Recording the hacker's keystrokes has several advantages. For starters, you can see exactly what commands are being entered in an attack against your system. This allows you to see first hand what techniques hackers use. Furthermore, most hack jobs make use of a legitimate user account and password combination. If you log a hacker's keystrokes, you will be able to tell if a hacker is attempting to authenticate into the system using one of your user accounts. This is extremely valuable information because it allows you to know which account has been compromised. You can then disable the account (or change its password) before the account can be used to gain full entry into your system.
Other uses for honeypots
So far I have explained how a honeypot can be used to gather information about an attempted security breach and alert an administrator to a hack attempt. However, there are actually several different ways that organizations use honeypots.
One of the lesser known uses for honeypots is as a deterrent. The idea behind using a honeypot as a deterrent is that the vast majority of security breaches are inside jobs performed by trusted employees. That being the case, some companies make it widely known to employees that there are honeypots or even honeynets in place (more on honeynets later). The catch is that the IT department closely guards the identities of real servers and of honeypot servers. The idea is that if an employee is considering hacking into the system, they know ahead of time that the IT department has laid traps for them. Any of the servers on the network could potentially be a honeypot. This might not stop a seasoned hacker, but it would certainly make a lesser skilled hacker think twice before trying to break into an unauthorized portion of the network.
Another use for honeypots is that they can be used as a research tool. Hacking techniques are constantly evolving, and the only way that you can hope to keep your network secure is to stay a step ahead of the bad guys. Placing a honeypot into a hostile environment allows you to witness first hand the latest hacking techniques so that you can better defend your own network.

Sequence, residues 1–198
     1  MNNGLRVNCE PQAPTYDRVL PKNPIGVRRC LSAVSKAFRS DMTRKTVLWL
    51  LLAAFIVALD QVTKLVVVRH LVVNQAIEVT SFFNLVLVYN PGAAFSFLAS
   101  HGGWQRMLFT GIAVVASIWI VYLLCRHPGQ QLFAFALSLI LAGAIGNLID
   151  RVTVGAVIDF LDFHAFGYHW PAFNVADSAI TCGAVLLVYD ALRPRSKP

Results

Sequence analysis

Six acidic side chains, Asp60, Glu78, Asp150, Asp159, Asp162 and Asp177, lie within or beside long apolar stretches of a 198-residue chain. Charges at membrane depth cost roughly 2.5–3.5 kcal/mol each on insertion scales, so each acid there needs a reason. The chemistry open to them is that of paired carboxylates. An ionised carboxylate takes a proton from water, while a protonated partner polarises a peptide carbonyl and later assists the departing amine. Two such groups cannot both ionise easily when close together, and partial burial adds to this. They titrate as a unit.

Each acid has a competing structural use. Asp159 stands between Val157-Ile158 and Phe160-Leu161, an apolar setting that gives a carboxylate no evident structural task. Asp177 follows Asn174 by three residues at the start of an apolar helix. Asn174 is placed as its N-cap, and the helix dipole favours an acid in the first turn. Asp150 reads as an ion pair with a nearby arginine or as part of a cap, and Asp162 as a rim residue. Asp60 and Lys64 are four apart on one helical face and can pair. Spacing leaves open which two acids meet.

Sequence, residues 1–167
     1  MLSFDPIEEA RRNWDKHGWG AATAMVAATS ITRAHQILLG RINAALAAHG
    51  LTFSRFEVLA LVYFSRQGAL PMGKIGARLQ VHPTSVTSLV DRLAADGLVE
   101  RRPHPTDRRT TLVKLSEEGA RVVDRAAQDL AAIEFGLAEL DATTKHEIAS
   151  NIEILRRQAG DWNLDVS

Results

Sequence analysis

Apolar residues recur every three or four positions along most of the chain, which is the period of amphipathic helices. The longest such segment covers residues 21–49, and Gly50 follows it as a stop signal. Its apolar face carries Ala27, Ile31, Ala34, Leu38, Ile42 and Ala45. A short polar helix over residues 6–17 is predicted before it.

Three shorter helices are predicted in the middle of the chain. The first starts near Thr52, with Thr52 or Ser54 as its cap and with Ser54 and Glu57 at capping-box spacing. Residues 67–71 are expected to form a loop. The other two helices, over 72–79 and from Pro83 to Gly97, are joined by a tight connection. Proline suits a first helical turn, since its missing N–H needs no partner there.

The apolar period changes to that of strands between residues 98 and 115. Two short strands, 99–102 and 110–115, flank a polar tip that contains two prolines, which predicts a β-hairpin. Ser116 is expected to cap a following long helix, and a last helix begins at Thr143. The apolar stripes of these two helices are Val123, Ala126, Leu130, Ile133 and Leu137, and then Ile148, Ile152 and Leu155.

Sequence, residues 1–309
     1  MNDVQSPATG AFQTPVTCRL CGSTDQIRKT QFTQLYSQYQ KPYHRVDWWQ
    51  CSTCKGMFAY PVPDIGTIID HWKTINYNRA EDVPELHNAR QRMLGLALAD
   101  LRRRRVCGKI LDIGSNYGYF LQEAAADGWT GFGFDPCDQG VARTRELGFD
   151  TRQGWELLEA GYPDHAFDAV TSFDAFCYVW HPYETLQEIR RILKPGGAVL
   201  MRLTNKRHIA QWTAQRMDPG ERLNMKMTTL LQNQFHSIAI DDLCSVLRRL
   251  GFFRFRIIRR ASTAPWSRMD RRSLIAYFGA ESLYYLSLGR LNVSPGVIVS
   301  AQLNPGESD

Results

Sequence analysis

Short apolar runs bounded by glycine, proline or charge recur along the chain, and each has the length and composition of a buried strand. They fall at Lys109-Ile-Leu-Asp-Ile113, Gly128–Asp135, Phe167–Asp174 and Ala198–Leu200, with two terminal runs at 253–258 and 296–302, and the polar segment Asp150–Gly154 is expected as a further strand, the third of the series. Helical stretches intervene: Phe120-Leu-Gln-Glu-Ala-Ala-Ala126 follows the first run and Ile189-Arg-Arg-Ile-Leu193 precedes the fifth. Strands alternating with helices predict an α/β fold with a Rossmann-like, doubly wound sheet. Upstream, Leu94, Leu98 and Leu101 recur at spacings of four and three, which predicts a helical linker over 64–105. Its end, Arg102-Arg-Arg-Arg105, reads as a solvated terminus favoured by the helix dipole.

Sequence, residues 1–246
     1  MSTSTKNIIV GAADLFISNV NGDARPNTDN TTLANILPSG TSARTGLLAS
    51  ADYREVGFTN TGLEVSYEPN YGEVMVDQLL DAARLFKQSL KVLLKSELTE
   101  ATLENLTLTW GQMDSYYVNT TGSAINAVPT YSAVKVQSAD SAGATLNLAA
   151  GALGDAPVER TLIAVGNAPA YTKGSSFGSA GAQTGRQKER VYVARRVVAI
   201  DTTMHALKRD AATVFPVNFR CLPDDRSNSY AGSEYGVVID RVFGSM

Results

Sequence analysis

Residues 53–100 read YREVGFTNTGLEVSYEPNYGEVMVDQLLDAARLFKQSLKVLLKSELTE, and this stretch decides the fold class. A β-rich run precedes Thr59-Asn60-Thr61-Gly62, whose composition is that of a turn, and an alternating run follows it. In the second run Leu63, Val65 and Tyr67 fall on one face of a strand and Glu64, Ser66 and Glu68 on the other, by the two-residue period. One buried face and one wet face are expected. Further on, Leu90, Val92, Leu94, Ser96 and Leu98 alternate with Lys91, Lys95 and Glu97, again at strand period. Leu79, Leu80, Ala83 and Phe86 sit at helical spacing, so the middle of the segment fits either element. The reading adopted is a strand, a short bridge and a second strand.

Yet another use for honeypots is that they can be used as a forensic tool. For example, imagine that tomorrow you find out that someone had gained full administrative privileges over your Exchange Server. What do you do about it?
This is kind of a trick question because the answer really depends on who you are trying to make happy. According to pretty much every security book that I have ever read, once a server has been hacked, it can never be trusted again because you have no way of knowing exactly what the hacker has done to the system. The hacker could have planted a Trojan that you don't know about. The only way to guarantee the integrity of the server is to completely format the drives, reload the operating system, and restore a backup that was made prior to the security breach.
While I personally agree with this approach, you must remember that in almost every organization, E-mail is one of the most critical applications. I have seen situations in which management refused to allow the IT department to take a mail server offline after a security breach, because the server is too critical to take offline. In these situations, the instructions given to the IT department were usually to clean the server as much as possible, but don't take it offline.
The reason why I am telling you this is to make a point. Often times, the IT staff is not able to perform thorough forensics after a hack because the hack occurred against a production box that can't be taken offline for any reason. Since the administrator can't perform thorough forensics, the hacker goes unpunished.
A honeypot gives the administrator the opportunity to perform detailed forensics that they would never have the chance to perform against a production server. Furthermore, since the honeypot's job is to act as a bait server, the honeypot automatically logs much of the forensic evidence that you will need in order to catch the hacker.
Types of honeypots
Earlier I mentioned that there are several different types of honeypots. Honeypots can mimic just about anything on a network. Most of the time honeypots are configured to look like a server, but a honeypot can also pose as a workstation, or even as a Cisco router for that matter.